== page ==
Service-Minded Russell Sage College Students Participate in 2021 AmeriCorps VISTA Summer Program
Five Russell Sage College students were part of the 2021 AmeriCorps VISTA summer program, which places service-minded individuals in summer positions that address community needs.
“I’m really impressed with what the AmeriCorps VISTA summer associates accomplished and how collaborative their experience was,” said Assistant Professor and Director of Service Learning and Community Engagement Ali Schaeffing, Ph.D. “These summer projects fit into larger community efforts and it is exciting to think about how Sage can continue these partnerships this academic year.”
Nana Ama Boateng, a Counseling and Community Psychology master’s degree candidate, was a summer associate at the Cohoes Connect Center. She helped to run science, technology, engineering, math and arts programs for kids, and collaborated on research measuring their engagement in informal STEM activities.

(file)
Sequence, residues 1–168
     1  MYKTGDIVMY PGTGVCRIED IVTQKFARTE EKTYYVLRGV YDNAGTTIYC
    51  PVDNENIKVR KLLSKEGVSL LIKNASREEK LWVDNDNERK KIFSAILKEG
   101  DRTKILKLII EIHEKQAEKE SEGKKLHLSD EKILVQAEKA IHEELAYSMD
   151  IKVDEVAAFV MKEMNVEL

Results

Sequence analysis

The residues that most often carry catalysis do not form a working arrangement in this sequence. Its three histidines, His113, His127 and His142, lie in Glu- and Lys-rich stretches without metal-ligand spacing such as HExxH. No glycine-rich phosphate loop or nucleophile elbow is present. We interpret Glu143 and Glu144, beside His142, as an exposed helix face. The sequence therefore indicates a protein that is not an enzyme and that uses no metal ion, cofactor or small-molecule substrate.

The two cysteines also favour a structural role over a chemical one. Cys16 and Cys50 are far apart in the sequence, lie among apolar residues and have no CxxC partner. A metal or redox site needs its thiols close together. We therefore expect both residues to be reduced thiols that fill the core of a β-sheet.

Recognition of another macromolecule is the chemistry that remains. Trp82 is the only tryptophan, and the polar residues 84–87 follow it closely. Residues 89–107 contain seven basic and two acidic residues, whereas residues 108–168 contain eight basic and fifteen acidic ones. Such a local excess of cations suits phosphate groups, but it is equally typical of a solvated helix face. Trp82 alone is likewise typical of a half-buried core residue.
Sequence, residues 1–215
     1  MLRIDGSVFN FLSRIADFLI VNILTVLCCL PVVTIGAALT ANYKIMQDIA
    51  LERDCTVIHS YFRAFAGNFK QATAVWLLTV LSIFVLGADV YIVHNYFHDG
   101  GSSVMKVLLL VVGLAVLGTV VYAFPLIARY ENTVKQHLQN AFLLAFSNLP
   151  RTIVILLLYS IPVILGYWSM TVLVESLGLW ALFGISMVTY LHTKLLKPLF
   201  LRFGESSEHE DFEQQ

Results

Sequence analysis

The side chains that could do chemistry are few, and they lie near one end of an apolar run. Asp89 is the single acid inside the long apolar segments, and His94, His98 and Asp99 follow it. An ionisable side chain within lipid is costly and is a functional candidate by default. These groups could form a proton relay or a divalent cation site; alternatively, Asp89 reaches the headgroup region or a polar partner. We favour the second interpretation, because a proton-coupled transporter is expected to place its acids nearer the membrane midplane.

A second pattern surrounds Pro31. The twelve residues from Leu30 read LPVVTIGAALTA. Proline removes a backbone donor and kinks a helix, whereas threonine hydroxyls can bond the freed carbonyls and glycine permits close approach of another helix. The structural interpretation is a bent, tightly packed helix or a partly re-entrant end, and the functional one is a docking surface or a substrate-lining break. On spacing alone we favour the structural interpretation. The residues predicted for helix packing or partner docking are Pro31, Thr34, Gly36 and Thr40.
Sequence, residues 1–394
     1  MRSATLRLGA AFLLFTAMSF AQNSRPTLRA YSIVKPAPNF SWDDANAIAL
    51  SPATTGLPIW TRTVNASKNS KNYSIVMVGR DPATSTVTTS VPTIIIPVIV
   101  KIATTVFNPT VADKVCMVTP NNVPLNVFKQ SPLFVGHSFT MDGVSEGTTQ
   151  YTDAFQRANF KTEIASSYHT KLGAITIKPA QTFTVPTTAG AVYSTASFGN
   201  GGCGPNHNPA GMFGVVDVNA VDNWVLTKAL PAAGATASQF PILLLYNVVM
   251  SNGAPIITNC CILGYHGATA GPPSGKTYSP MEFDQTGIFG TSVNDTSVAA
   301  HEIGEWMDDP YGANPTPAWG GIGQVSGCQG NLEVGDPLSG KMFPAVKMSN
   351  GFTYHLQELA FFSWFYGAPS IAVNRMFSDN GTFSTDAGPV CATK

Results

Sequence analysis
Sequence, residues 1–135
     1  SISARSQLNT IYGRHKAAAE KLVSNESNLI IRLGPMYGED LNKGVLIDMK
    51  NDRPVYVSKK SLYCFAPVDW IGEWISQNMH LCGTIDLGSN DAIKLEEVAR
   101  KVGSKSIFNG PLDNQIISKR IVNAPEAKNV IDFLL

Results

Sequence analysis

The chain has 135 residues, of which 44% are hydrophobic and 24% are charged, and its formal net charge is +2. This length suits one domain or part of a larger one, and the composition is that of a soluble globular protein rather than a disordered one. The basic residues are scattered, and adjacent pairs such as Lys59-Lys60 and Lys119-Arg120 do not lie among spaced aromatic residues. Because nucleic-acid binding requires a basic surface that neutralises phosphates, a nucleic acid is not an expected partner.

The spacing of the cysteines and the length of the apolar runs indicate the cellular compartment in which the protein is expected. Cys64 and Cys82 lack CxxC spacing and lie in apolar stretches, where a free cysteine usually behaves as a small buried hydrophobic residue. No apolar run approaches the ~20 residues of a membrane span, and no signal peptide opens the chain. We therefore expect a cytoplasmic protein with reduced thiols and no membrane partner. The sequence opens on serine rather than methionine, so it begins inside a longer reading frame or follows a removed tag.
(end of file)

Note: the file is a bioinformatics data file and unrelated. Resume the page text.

Her research has the potential to be published and will help the Connect Center design high-quality “out of the classroom” educational programs.
In one of the most popular activities at the Center, kids learned how to take apart, rebuild and code a computer that they can keep.
“We’re assessing behavior, cognitive engagement and emotional engagement,” Nana told us. “How intrigued are these kids as they are putting the computer together, learning about the software? Are they asking questions? Are they able to understand what we’re saying, and are they able to explain it back to us?”